While Judith Collins and Jacinda Ardern waged a phony war over which taxes they wouldn’t levy, their potential coalition partners were laughing all the way to the polling booth. We reveal who had a good day and who had a bad day on the campaign trail.

With friends like this, who needs enemies? National leader Judith Collins today won the unsolicited endorsement of disgraced former National MP Todd Barclay, the former tobacco lobbyist forced to resign his Clutha-Southland Parliamentary seat after secretly tape-recording female staff.

“She’s backed me through some of my most challenging personal and professional times, even when supporting me put her own reputation at risk with more senior people in our party,” Barclay posted on LinkedIn, accompanied by a photo of the two of them smiling together in her Parliamentary office. We think it was an old photo – we can’t imagine Barclay would get in past security, these days.

It was definitely a bad day for Collins. Her wealth tax attack on Labour blew back in her face, when she found herself having to rule out implementing the ACT party’s flat tax – the same contentious tax that led to the break-up of David Lange’s Fourth Labour Government. Thar be dragons, Judith!


The funny thing was, the ACT flat tax policy that Collins was promising to not implement was not, in fact, ACT policy. ACT leader David Seymour, laughing, said they had removed it from their manifesto months ago.

While Collins was debating whether to adopt ACT’s tax policies, National had already stolen ACT’s campaign slogan. National has launched a campaign ad saying, “Only a party vote for National will change your future.”

The problem is, “change your future” is already ACT’s slogan. “We’re used to having to come up with policy for them, now we’re having to come up with slogans as well,” said a gleeful Seymour, who was clearly having a good day.


Labour’s Jacinda Ardern started her day with two hours of debate and niggle with Newstalk breakfast host Mike Hosking. That’s a good day, right there, even before half the country had finished their morning Weetbix. After that, she must have been all talked out. Challenged to end her long absence from Twitter, she did – with the one-word tweet, “Vote”, and the hashtag #LetsKeepMoving.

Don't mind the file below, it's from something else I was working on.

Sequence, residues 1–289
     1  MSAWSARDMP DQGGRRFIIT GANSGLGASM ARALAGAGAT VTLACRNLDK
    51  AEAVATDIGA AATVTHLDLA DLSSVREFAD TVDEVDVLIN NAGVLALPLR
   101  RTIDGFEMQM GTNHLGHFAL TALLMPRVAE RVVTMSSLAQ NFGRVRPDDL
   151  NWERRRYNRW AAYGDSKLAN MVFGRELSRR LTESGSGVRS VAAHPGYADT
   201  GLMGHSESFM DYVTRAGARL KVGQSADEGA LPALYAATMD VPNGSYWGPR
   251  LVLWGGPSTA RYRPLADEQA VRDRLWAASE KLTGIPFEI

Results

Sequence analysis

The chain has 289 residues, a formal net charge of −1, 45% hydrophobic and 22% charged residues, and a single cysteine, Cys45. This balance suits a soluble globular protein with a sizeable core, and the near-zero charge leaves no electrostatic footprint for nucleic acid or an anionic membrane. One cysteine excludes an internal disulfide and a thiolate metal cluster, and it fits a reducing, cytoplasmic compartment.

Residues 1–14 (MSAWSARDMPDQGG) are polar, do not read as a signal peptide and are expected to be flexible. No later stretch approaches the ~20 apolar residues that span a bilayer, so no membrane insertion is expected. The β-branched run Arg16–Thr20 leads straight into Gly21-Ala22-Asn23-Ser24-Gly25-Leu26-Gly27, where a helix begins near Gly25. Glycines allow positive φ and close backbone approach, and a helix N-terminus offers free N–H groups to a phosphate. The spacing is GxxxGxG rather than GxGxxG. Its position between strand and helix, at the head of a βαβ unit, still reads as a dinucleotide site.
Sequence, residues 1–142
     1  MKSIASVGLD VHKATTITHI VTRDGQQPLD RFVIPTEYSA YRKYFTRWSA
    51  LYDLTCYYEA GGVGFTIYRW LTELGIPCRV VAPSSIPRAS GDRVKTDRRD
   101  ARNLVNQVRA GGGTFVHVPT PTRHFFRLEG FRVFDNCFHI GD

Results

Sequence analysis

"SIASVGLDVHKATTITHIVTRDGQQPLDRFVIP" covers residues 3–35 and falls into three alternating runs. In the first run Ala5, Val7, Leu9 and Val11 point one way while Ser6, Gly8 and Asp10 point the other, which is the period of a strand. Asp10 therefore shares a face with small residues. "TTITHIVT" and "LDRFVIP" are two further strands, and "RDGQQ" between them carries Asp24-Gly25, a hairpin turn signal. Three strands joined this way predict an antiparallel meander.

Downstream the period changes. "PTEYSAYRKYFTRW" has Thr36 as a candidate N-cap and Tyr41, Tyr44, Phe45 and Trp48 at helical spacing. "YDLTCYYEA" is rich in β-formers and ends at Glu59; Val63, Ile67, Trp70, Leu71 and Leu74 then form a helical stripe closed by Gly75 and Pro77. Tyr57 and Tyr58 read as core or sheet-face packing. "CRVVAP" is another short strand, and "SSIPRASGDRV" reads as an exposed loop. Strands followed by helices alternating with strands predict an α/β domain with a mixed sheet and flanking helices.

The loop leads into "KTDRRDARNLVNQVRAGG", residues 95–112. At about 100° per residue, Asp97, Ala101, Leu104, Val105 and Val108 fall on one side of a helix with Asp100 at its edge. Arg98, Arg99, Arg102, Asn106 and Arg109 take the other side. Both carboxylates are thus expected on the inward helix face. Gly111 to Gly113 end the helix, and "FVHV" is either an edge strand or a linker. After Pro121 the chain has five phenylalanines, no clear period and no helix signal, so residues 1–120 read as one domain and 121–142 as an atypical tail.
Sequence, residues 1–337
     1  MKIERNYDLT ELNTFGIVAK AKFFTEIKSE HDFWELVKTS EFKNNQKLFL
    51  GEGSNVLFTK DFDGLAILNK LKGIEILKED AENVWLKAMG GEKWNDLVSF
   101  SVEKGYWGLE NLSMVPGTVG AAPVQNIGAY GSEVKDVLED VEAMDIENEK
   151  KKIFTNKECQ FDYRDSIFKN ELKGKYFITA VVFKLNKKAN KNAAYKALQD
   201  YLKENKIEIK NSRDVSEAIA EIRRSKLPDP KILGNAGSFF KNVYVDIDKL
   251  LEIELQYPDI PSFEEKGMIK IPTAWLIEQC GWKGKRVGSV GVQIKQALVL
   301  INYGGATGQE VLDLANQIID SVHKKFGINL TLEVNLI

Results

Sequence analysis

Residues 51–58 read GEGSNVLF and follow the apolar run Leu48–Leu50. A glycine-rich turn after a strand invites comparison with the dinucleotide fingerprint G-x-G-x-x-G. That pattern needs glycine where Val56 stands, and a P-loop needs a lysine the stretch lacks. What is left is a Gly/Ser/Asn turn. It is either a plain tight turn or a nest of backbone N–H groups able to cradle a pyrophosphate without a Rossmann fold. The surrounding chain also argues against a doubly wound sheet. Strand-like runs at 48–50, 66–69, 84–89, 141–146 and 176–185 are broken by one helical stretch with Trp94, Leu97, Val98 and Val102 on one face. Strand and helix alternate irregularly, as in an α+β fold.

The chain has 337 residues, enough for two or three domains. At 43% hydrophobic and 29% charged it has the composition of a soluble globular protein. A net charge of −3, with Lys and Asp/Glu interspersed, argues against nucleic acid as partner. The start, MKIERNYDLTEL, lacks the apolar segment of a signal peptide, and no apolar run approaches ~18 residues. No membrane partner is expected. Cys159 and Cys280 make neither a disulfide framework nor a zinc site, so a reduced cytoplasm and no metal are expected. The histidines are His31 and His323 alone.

Later in the day in Hamilton, she was mobbed by crowds demanding selfies – until eventually, she did a runner out the back door of the huge Base shopping centre. “I’m shocked, but also she’s the prime minister, she’s busy,” well-wisher Hamish Bunn told Stuff. “I was standing here for quite a while and then someone finally came out to tell us she’s left. They could have told us earlier.”


One small cloud on Ardern’s day must have been the resolve of her Greens coalition partner, standing its ground on the wealth tax that it says will be a priority in any post-election negotiations. With Collins hectoring her over whether she would implement the wealth tax, Ardern would have wished it would just go away. Greens co-leader James Shaw could have made it go away for her  – but he showed the Greens had no attention of being walked over by the two big party leaders. Asked on RNZ Morning Report whether he would expect to have negotiations with Labour over a wealth tax, he stuck to his guns: “Yes I do. I don’t know how those negotiations are going to go of course, that depends on the election on Saturday … you’ve got to give voters a chance to have their say.” Another good day for Shaw.


Ah, and here we are down the bottom of the page again, and another shocking day for NZ First leader Winston Peters. (Of course, the more we adjudge it a bad day, the more his supporters will dig in against the Big Media conspiracy!) 

If National had ripped off the slogan of its comrade-in-arms, Act, Peters’ made a far worse misjudgment. Bizarrely, he decided to co-opt the language of #BlackLivesMatter with a speech headlined “seniors lives matter”. “We, and you, need to rise up and say, ‘Senior Lives Matter’,” he proclaimed.

You know what, Winston? Your senior citizens voters aren’t getting beaten up in the streets by police. They aren’t dying in prison cells. Get some perspective.

And Peters’ day just got worse from there, with news that the aforementioned Big Media had teamed up to go to court to demand suppression be lifted on the names of two people charged in the NZ First Foundation donations case. The two are accused of using a “fraudulent device, trick or stratagem” to secure more than $700,000 that was then used to pay expenses for the New Zealand First party. There can now be little doubt, Peters is the victim of a conspiracy – a conspiracy of openness and transparency.

Newsroom Pro managing editor Jonathan Milne covers business, politics and the economy.

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